Sunday, 25 January 2015

The new Asian powers in the globalization process

The above 2015 editorial cartoon by Rodriguo De Matos entitled "China is out front" can be seen as a satirical warning to the USA that China is becoming a threat to US economic (and geopolitical?) domination. China, symbolized as a dragon in the colours of the Chinese flag, has beaten Japan (shown as a sumo wrestler turned into a ridiculous roast chicken by the dragon) economically. The dragon is pointing towards a small, fat (i.e. morally compromised?) and scared-looking Uncle Sam (symbol of the USA). The dragon threatens Uncle Sam: "You are next!", meaning that China intends to surpass the USA as an economic superpower.

Cf. pages 76 and 77 of your DNL textbook (Lesson 3).

The new Asian powers are: India, China, and South-East Asian nations like Thailand, Malaysia, Singapore, Indonesia, and the Philippines, plus China since the early 2000s. They are becoming more and more economically important and contribute largely to globalization. They are disrupting the balance of (economic) power (the dominance of the Triad is being undermined). Greater integration into a global economy, however, is not without consequences for these countries...

Documents 1 and 2 concern China and Singapore, two key players of the Asia Pacific region and of globalization.

Document 1 is an optimistic article from the New York Times which highlights the impact of the Chinese economy on that of the USA. The trade deficit of the USA (meaning the USA imports more than it exports) is greatly due to its import of cheap goods from Asia. The fact that China is now the dominant economic power of the region (even more than Japan) is, according to the journalist, actually beneficial to the US economy. Because China makes consumer products more cheaply than the USA, the USA actually makes savings by importing them from China (it would cost more to the USA if it made the goods itself). This makes China a privileged trade partner for the USA for goods such as shoes, toys, electronic and numerous other consumer goods. In fact, the USA trade deficit has actually gone down because it now trades with China rather than more expensive Asian countries (South Korea, Japan).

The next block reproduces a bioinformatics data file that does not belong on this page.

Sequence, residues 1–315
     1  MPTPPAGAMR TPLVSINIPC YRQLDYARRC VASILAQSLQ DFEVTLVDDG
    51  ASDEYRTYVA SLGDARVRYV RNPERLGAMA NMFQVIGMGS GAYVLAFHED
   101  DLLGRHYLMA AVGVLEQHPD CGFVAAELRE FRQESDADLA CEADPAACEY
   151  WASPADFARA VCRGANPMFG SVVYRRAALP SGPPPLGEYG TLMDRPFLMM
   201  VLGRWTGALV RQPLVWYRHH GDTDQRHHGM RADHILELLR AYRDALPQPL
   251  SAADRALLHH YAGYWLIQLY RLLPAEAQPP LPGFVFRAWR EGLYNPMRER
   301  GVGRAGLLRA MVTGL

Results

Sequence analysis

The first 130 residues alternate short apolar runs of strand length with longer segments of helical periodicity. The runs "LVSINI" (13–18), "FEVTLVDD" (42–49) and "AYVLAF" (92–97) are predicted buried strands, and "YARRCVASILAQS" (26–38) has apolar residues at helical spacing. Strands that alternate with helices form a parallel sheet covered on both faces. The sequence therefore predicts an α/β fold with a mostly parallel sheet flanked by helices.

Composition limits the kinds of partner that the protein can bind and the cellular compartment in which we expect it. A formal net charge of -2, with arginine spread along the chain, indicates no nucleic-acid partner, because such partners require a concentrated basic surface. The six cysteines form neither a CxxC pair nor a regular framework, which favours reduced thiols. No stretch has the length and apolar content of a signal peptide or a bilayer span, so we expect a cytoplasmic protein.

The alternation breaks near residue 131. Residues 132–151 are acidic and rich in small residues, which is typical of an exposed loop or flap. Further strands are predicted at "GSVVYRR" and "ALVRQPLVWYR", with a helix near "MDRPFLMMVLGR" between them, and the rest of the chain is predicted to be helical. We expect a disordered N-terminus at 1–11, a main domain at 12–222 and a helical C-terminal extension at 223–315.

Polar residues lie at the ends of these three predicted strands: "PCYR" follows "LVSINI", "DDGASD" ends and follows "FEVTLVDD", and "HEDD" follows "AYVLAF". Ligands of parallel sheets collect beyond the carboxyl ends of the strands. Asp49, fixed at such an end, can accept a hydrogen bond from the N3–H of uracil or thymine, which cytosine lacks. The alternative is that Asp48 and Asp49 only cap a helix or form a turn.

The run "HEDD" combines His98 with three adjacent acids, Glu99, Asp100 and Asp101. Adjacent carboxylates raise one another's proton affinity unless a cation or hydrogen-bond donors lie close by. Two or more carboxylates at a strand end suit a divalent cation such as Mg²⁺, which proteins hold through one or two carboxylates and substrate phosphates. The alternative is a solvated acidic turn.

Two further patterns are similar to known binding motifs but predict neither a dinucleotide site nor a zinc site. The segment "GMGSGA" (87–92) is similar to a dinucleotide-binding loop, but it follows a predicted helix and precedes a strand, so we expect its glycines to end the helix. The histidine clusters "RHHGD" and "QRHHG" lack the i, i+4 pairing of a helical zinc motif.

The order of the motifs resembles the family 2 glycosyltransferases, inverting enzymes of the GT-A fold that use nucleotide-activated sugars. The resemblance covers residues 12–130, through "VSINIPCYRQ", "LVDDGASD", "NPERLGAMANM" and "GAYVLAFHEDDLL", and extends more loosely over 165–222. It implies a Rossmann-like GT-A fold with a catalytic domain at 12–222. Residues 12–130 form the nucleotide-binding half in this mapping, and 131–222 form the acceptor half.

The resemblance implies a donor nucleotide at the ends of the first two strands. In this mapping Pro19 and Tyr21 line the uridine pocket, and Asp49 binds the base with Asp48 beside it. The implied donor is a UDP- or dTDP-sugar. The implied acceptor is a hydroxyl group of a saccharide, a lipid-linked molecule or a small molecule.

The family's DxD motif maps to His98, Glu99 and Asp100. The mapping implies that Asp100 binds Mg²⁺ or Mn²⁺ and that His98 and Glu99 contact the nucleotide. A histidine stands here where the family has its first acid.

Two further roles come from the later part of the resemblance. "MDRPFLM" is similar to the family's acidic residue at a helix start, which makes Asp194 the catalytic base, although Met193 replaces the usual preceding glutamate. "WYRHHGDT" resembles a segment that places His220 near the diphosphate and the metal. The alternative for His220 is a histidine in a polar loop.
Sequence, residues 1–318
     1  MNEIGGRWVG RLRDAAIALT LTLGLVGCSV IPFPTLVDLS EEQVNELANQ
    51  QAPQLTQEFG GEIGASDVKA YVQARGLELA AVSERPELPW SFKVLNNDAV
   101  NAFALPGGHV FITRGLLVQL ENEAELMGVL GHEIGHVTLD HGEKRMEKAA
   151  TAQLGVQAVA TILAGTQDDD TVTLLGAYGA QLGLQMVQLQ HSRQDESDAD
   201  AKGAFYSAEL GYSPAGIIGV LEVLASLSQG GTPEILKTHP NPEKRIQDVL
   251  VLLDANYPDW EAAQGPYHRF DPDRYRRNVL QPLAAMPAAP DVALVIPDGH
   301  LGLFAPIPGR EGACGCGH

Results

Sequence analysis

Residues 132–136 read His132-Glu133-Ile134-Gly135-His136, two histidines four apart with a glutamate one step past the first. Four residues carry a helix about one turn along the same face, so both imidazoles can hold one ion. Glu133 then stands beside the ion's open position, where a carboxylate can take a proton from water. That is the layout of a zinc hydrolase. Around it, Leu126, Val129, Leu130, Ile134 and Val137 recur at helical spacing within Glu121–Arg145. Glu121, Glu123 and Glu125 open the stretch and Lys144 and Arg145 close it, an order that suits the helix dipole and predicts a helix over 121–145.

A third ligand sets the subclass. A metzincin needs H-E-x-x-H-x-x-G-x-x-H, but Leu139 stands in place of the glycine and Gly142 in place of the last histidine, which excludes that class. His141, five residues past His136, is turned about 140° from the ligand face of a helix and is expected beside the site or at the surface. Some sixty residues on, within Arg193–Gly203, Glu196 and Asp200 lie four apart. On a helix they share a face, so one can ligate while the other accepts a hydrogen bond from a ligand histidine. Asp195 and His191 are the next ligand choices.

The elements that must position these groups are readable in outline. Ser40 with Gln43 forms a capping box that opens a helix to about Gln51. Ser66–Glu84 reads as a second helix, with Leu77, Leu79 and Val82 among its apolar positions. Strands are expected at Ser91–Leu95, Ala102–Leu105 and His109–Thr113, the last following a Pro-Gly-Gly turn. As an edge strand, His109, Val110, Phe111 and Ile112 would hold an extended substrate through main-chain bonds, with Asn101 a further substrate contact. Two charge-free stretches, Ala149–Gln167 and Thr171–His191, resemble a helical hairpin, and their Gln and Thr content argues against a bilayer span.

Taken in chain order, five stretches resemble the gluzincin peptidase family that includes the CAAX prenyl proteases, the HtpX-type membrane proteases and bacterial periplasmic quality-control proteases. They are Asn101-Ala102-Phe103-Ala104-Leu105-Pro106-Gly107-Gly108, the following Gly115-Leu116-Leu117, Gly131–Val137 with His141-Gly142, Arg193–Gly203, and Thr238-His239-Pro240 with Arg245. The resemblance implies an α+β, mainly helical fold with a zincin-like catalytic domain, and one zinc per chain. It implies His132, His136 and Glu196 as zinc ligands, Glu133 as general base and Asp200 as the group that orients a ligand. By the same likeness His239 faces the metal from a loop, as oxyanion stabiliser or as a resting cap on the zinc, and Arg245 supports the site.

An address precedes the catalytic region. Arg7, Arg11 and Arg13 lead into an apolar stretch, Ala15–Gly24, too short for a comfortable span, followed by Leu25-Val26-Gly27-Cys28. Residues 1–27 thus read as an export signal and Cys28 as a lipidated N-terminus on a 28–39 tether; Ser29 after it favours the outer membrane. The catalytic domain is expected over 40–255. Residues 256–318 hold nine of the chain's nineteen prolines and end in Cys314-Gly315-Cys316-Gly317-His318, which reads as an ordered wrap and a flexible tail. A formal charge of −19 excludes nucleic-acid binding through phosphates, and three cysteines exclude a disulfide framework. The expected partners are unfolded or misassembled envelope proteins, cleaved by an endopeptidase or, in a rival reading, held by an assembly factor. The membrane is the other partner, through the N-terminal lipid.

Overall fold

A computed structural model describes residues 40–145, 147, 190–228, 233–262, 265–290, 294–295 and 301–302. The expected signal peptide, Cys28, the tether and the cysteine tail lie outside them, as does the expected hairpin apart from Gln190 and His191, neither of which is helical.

China’s economic growth since 1979 (and especially 2001 when it finally joined the WTO) has been staggering. It has become the “workshop of the world”, overtaking other Asian nations in the amount of goods produced and pushing prices down. This is good news for consumers but not for the less competitive nations.

The photo of Singapore harbour (document 2) shows one of the world’s biggest and most modern container port facilities. This harbour is a major global trade hub because it has been modernized and is strategically situated on major sea routes between Japan, China, South Korea and the Middle East, Europe and North America. The harbour facilities have made the city state very wealthy (9th on the UN HDI 2013 list).

We see part of the modern harbour complex: it is clean, well-ordered and highly-mechanized. Freight is unloaded by giant cranes along the piers. The very numerous containers are stacked along the wharfs. In the middle-distance, close to the harbour, is the CBD (high-rise prestigious office blocks for the headquarters of merchant companies, banks, insurance companies, etc.).

The map (document 3) illustrates the fact that Asia has become the workshop of the globalized economy. It shows where the various activities of Seagate Technology, an American TNC, are situated. Though its Registered Office is actually in a fiscal paradise on the Cayman Islands (which allows it to pay less taxes), the headquarters of Seagate (where the company’s executives and research staff are) is in the TNC’s “home” country (USA). Most of the actual production of the hard drives it makes takes place “offshore” in Asian countries where labour is as qualified but cheaper than in the USA.

Document 4 is an extract from a 2006 The Guardian newspaper article. In it, the journalist explains that the spectacular economic growth in Asia has resulted, unexpectedly, in unemployment and inequality. This is because many (young) people leave the countryside to work in the factories, hoping for better wages, but the demand for jobs has grown faster than the number of jobs available. The result is increased competition for jobs (and so greater job insecurity, unemployment, and poorer working conditions) as well as increased food insecurity in the countryside.

The fact that Chinese production costs are the lowest (though this is likely to change) means that companies move production to China away from other countries of the region, resulting in rising unemployment in those Asia-Pacific countries.


Asian countries, notably China since it adopted “state capitalism”, have become an essential component of the globalized economy, providing cheap and abundant labour for the TNCs and goods for the world via an efficient system of maritime transport (to the benefit of coastal cities like Hong Kong and Singapore that have invested in modern harbour facilities). However, the economic boom has not spared Asia from the problems inherent to globalization and from the risks involved in becoming dependent on a world-wide economic system.

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